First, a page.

Design Occlusion is Killing Your Game Design

June 5th, 2013 by Adriel Calder

Last March, while at the annual Game Developer’s Conference in San Francisco, I attended numerous enlightening talks focusing on the different ways one can approach game design.  The one that stood out to me the most was titled “Design Occlusion is Killing Your Creativity” presented by Dylan Cuthbert of Q-Games.  Cuthbert’s talk focused mainly on his time working for Shigeru Miyamoto on Star Fox for the SNES and the lessons he learned as a young game developer working with an established person in the industry.  In addition to this, Cuthbert was also faced with understanding and appreciating the differences between British and Japanese approaches to design. “We were a very cocky sort of British programmers…sort of taught ourselves everything and we were suddenly thrown into this Japanese environment….and we were kind of in awe and also kind of in shock at the same time about the process.”

However, being placed in a creative environment that differed from his usual way of thinking led to Cuthbert learning valuable new ways to approach game design.  This unfamiliar process essentially boiled down to the following steps: Build->Destroy->Discover->(Resurrect).  Before reaching this conclusion, Cuthbert first introduced to us the following lessons learned from working on Star Fox:

No idea MUST go into a game, not even if the idea is good.

Cuthbert points out that at the time, British games were full of good ideas.  However, the standard approach was to simply stuff in every idea and sell the game – operating under the pretense that if an idea is good, it obviously belongs.  He is quick to point out that these types of games would sell, but what people would find is half of a game that they would then never finish.  What he learned while working on Starfox is that it’s sometimes important to remove things, even if they are good ideas.

Creating a game that takes on too many ideas is an easy trap to fall into.  When the creative juices start flowing, it’s often difficult to cease the torrent of ‘good ideas’ and focus simply on what the core mechanics of what your game should feel like.

Question default assumptions

Star Fox initially started as an all 3D free-roaming game similar to Starglider 2.  After spending months constantly building and removing features, it finally came time to question the basic structure of the game.  After a month long break, Miyamoto approached the developers and suggested removing what everyone thought of as the core technology of the game – the 3D roaming.  Though removing the 3D roaming capability initially felt like a step backwards, by limiting the player movement to a 2D space, multitudes of interesting and fun design options were opened up to the developers.  For example – the developers could now create more refined, well-tuned controls. The game was now easier for players to understand and boss battles could now be more epic and were easier to create.  As an added bonus, they now had a much faster frame-rate!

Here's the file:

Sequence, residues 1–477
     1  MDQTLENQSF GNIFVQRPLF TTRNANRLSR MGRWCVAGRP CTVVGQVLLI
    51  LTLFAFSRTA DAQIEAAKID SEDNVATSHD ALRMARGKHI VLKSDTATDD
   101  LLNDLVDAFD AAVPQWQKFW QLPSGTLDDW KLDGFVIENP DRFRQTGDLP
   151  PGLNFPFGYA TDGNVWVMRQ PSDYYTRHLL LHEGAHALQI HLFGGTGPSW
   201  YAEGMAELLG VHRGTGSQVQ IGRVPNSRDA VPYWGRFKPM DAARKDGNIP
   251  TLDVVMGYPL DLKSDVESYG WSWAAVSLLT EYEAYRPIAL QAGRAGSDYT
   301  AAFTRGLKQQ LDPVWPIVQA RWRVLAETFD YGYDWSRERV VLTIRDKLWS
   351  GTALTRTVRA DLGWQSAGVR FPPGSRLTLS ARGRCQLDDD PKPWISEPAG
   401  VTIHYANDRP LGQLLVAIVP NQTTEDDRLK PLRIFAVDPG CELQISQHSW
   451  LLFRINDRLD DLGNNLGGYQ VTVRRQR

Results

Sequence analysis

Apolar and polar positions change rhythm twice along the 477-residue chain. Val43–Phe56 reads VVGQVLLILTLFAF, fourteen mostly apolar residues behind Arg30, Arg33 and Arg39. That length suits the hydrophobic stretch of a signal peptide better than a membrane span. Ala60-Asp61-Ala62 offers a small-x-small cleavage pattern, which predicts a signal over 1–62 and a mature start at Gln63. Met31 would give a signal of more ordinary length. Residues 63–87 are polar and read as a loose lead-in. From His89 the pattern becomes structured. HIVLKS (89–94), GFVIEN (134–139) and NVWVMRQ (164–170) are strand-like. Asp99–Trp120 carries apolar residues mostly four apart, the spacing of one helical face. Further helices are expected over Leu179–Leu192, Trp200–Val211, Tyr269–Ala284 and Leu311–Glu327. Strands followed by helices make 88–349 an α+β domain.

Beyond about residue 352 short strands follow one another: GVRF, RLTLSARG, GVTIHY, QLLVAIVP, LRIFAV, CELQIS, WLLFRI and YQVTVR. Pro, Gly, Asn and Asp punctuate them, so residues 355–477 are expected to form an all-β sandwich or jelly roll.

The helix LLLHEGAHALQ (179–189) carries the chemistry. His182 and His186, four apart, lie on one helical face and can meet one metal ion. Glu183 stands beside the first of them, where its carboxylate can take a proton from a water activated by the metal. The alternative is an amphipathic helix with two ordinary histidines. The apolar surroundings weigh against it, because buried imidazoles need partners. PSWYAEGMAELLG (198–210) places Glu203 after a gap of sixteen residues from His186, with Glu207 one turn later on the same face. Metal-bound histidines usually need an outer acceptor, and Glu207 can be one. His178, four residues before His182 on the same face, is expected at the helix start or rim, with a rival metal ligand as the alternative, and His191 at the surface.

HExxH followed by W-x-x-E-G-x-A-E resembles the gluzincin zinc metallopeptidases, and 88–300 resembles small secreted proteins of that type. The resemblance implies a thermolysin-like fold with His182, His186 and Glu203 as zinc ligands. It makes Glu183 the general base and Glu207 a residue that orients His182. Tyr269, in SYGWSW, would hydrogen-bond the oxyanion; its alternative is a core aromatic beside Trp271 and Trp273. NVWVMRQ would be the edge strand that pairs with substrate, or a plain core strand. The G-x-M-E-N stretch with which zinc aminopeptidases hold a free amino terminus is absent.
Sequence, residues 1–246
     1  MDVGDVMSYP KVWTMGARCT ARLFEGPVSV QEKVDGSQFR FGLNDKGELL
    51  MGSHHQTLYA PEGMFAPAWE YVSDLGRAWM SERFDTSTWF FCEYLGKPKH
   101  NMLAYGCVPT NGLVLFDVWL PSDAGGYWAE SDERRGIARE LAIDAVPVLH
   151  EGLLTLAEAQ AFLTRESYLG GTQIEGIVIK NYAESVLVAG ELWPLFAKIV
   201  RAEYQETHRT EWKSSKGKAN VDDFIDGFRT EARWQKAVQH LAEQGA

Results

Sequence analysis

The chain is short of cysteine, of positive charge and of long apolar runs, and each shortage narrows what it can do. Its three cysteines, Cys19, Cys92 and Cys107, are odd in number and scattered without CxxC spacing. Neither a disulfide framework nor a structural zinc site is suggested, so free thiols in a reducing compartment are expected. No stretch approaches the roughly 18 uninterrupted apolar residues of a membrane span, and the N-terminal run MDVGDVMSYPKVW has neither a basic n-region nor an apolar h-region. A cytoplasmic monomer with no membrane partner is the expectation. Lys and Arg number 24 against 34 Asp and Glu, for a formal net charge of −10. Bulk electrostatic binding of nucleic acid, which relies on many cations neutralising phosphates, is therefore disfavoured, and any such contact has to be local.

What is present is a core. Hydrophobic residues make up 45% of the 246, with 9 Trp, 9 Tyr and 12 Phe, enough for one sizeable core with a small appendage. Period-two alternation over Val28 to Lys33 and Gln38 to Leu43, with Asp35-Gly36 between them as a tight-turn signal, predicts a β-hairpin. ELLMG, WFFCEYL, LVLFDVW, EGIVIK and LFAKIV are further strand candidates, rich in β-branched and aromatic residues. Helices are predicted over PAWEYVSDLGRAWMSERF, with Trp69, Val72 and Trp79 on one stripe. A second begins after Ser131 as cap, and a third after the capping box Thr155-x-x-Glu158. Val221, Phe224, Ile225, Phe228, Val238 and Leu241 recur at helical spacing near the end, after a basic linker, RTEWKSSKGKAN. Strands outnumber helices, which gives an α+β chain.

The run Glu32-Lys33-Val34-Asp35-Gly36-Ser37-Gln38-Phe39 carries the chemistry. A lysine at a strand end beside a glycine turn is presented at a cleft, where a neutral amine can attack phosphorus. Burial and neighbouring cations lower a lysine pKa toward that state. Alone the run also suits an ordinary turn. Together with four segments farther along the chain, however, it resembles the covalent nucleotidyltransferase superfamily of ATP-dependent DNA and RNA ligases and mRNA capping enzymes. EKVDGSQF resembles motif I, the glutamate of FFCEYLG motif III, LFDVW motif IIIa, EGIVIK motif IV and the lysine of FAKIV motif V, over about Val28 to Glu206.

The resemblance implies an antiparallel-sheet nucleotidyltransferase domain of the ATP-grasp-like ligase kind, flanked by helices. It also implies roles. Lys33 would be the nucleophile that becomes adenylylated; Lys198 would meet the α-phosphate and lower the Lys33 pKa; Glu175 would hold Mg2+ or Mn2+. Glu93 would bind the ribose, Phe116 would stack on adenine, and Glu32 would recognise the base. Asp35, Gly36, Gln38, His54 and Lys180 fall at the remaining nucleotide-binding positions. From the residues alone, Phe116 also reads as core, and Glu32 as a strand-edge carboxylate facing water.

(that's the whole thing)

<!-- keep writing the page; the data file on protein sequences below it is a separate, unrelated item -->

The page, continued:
It’s a very counterintuitive process, especially for programmers.  Miyamoto was constantly pushing developers to add new ideas, remove them, and then examine what was left in the rubble.

Cuthbert states that his approach to building new ideas was to build multiple ideas simultaneously, without allowing any one idea cloud one another. While doing so, he has to constantly be conscious of what is blocked as well as keep an overall idea of what’s going on at all times.  Once all of the ideas are in, he advises for developers to begin looking in the shadows of the new ideas.  If the game isn’t “fun”, then it’s time to destroy the ideas and look in the rubble.  Cuthbert points out that “destroying ideas is fun,” and that during this design process you can’t be attached to any one idea.  By destroying an idea, “suddenly the sunlight will just pour in and suddenly you’ll get all these other ideas just come out from underneath it and the game becomes fun”.

Ultimately, we must remember that occluders aren’t inherently bad.  We don’t have to avoid occluders at all costs, we just merely need to be aware of them.  Removing occluders at stages of development in order to focus on the core mechanics of the game will allow you to make those core decisions more solid.

This approach to game design is becoming more important as it becomes easier for developers to add elements to their game.  It is imperative to take a step back every now and again and examine your game from both from a macro and micro level. If you find that your game isn’t fun or fulfilling, it may be time to examine the possibility that there are occluders overpowering the core values of your game.  Examining each decision made throughout the design phase of the game’s creation and temporarily (or permanently) setting each element aside might be necessary to discover where the true problem lies.  As Cuthbert points out, destroying the ideas the you’ve built is not only fun, but it might also be necessary in order to focus on the core of the game.

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